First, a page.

I’m saying that if you’re going to admit ancient religious texts as historical, then it’s not fair to just do that for Christianity. You’d have to let other’s admit evidence like that too. And there are non-Christian examples of miracles. So if the parting of the Red Sea can be taken as evidence of YHYH’s footprint in humanity, or the raising of Lazarus as that of Christ, then what of Sol Invictus? He apparently had some miracle workers, and some miracles that were witnessed. Does that amount to evidence? Despite the best efforts of Christian record keepers, The Unconquerable Sun has left his mark in history too. Should that, in any quantity, change our knowledge of whether there really exists a sun god?

    I would say: No, of course not. Just because it’s written does not mean that it actually happened. And the EXTREMELY high rate of uneducated people at that time (also in the time that accounts of the old testament were given final form and record) casts doubt on the credibility of any witnesses. And when it comes to the Torah, the scholarly consensus right now is that it was recorded for posterity more than a millenium after the events of Exodus. To my knowledge we have no way of knowing if Exodus is historically accurate at all. There is no archaeological evidence from that time to support and there were no contemporary accounts of the event.

    • Ages ago I had come across an article in the Scientific American or American Scientist or National Geographic or New Scientist – I forget which – that tried to explain the plagues of Egypt as run of the mill natural phenomena. To my mind this would mean that such events happened. (This to counter your point about whether or not we know that Exodus is historically accurate. One can also consult records the Egyptians kept, I’m sure)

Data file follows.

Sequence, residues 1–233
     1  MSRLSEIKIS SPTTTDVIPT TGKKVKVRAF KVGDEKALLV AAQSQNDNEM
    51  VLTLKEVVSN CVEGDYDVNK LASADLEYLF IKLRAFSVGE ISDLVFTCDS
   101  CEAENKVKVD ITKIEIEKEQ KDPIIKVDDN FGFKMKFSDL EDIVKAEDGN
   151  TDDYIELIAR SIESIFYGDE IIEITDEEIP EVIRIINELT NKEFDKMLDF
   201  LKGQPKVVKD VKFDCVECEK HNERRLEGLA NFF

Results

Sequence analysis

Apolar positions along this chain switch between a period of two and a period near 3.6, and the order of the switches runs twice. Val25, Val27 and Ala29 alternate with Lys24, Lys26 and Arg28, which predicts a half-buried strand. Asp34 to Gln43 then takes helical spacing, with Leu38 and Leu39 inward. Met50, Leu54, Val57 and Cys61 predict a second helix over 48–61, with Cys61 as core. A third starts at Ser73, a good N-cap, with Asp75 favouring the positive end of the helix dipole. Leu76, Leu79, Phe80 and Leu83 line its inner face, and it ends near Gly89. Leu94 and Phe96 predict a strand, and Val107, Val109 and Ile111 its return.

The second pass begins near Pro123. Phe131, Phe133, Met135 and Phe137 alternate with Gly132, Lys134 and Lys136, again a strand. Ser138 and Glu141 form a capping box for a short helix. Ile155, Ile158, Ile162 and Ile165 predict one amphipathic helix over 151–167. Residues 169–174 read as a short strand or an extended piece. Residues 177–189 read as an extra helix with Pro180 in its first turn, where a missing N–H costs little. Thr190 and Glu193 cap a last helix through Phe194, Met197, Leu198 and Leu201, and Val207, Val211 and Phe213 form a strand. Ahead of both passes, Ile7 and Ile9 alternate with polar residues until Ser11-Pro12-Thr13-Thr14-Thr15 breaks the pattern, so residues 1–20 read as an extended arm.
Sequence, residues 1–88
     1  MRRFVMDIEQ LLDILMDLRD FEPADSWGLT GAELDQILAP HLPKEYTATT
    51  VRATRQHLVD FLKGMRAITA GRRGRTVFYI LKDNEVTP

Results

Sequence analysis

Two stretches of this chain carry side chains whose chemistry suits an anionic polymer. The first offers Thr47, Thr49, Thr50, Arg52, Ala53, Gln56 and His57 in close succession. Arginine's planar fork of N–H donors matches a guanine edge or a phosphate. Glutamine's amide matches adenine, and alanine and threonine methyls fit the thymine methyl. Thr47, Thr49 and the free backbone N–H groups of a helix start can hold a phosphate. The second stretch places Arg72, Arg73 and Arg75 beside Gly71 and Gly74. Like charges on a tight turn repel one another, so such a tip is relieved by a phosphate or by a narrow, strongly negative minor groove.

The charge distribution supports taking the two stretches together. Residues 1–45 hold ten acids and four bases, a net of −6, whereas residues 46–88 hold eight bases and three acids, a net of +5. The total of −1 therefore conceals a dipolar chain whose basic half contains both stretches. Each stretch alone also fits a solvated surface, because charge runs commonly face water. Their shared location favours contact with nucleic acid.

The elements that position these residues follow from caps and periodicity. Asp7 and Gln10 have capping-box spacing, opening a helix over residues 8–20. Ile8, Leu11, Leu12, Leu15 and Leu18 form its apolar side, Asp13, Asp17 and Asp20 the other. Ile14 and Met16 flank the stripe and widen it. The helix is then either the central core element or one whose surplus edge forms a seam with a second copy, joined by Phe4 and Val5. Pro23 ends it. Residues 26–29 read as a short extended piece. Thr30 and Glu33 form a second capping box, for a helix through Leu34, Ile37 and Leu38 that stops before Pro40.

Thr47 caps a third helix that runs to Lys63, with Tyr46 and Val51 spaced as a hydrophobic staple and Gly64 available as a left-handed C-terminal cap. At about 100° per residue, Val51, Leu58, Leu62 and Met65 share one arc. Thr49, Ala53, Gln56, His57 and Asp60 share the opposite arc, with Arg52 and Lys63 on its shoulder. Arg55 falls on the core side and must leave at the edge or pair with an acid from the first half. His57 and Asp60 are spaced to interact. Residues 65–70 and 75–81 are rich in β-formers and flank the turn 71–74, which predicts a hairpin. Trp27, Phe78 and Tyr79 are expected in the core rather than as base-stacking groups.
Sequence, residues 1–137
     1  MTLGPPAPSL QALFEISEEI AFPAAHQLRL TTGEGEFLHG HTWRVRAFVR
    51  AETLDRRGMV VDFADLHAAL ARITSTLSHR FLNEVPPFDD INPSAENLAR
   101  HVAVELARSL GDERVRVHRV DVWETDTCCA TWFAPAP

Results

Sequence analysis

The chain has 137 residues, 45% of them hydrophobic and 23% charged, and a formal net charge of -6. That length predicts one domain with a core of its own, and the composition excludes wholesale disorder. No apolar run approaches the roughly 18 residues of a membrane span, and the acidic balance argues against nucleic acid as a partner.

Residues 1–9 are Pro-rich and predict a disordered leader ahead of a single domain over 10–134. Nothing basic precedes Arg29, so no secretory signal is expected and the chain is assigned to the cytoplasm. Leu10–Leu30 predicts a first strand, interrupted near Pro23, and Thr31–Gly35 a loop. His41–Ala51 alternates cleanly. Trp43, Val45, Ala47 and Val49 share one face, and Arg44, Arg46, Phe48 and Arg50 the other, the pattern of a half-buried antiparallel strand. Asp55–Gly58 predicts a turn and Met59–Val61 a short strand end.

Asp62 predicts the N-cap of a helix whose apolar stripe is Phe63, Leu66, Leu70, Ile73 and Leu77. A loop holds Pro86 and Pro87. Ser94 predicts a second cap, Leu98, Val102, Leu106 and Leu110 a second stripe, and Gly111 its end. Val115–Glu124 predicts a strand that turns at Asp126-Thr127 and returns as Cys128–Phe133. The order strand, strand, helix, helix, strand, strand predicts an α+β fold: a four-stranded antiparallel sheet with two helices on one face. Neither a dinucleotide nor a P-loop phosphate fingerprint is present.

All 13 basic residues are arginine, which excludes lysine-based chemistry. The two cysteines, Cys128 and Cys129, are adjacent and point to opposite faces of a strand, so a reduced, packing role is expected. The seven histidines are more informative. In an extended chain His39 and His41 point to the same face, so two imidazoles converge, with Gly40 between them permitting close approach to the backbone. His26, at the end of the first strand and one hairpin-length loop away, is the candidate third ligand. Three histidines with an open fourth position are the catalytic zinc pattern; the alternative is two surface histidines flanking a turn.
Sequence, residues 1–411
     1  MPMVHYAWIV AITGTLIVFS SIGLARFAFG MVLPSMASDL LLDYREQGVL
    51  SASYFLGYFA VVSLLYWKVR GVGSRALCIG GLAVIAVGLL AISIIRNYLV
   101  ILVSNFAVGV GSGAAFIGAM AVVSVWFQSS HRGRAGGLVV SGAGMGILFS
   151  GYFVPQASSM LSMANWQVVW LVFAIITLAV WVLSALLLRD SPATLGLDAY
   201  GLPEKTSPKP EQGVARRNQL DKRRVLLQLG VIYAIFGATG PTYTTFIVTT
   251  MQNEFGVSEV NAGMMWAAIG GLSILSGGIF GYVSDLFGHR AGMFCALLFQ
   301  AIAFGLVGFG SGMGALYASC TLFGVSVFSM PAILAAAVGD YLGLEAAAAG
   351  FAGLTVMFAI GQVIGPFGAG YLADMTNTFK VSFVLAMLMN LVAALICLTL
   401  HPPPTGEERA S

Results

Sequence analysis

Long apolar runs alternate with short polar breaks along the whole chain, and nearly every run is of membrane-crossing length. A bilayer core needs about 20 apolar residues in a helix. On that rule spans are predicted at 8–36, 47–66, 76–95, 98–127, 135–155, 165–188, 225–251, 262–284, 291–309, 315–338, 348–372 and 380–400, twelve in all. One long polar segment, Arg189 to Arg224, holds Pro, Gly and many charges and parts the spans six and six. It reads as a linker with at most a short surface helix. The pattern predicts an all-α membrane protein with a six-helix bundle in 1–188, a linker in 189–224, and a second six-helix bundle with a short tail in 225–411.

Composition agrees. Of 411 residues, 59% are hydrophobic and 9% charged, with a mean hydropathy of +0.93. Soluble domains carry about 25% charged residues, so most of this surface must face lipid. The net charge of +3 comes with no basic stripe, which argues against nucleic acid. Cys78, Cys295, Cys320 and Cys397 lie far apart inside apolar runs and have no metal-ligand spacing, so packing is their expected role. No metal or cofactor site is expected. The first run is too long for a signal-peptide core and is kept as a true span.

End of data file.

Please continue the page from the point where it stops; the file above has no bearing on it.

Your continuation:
The historicity of the Gospels and the life, death and resurrection of Christ, it is said, are possibly the best documented events in history. I wouldn’t know.

      Also, if Christ were a myth, why does he still persist 2000 years after he died? Why are people – to this day and age – willing to die for something that does not exist? (Keep in mind that Catholics believe that Christ is alive today)

      The Catholic Church (as have the Jews and Islam) has persisted for all this time. Doesn’t that give one an inkling that they might be saying something that, perhaps, transcends human knowledge? (Bear in mind that for better or for worse, the three monotheistic religions adore the same God.)

      There are other religions too that are as old or even older than all the three mentioned above. The fact that they have stood the test of time should be a clear indicator that they must be on to something… they’re obviously talking about the same thing in their own way

  7. To respond to each statement individually: